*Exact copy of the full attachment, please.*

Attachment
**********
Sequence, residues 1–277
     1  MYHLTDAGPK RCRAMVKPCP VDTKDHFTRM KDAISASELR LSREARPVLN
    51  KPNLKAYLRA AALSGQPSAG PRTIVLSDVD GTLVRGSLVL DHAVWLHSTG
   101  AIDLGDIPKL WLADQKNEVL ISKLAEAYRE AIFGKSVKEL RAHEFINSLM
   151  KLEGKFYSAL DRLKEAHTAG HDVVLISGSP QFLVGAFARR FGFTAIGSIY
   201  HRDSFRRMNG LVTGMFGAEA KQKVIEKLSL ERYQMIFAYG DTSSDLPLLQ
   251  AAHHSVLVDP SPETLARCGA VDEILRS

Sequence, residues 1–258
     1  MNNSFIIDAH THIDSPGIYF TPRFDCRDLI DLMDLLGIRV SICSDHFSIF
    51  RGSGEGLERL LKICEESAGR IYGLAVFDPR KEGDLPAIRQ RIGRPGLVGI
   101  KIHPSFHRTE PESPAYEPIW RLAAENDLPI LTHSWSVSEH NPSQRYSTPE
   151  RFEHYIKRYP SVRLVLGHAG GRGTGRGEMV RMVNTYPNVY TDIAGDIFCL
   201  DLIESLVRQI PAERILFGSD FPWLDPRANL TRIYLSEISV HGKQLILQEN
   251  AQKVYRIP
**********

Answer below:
Sequence, residues 1–277
     1  MYHLTDAGPK RCRAMVKPCP VDTKDHFTRM KDAISASELR LSREARPVLN
    51  KPNLKAYLRA AALSGQPSAG PRTIVLSDVD GTLVRGSLVL DHAVWLHSTG
   101  AIDLGDIPKL WLADQKNEVL ISKLAEAYRE AIFGKSVKEL RAHEFINSLM
   151  KLEGKFYSAL DRLKEAHTAG HDVVLISGSP QFLVGAFARR FGFTAIGSIY
   201  HRDSFRRMNG LVTGMFGAEA KQKVIEKLSL ERYQMIFAYG DTSSDLPLLQ
   251  AAHHSVLVDP SPETLARCGA VDEILRS

Sequence, residues 1–258
     1  MNNSFIIDAH THIDSPGIYF TPRFDCRDLI DLMDLLGIRV SICSDHFSIF
    51  RGSGEGLERL LKICEESAGR IYGLAVFDPR KEGDLPAIRQ RIGRPGLVGI
   101  KIHPSFHRTE PESPAYEPIW RLAAENDLPI LTHSWSVSEH NPSQRYSTPE
   151  RFEHYIKRYP SVRLVLGHAG GRGTGRGEMV RMVNTYPNVY TDIAGDIFCL
   201  DLIESLVRQI PAERILFGSD FPWLDPRANL TRIYLSEISV HGKQLILQEN
   251  AQKVYRIP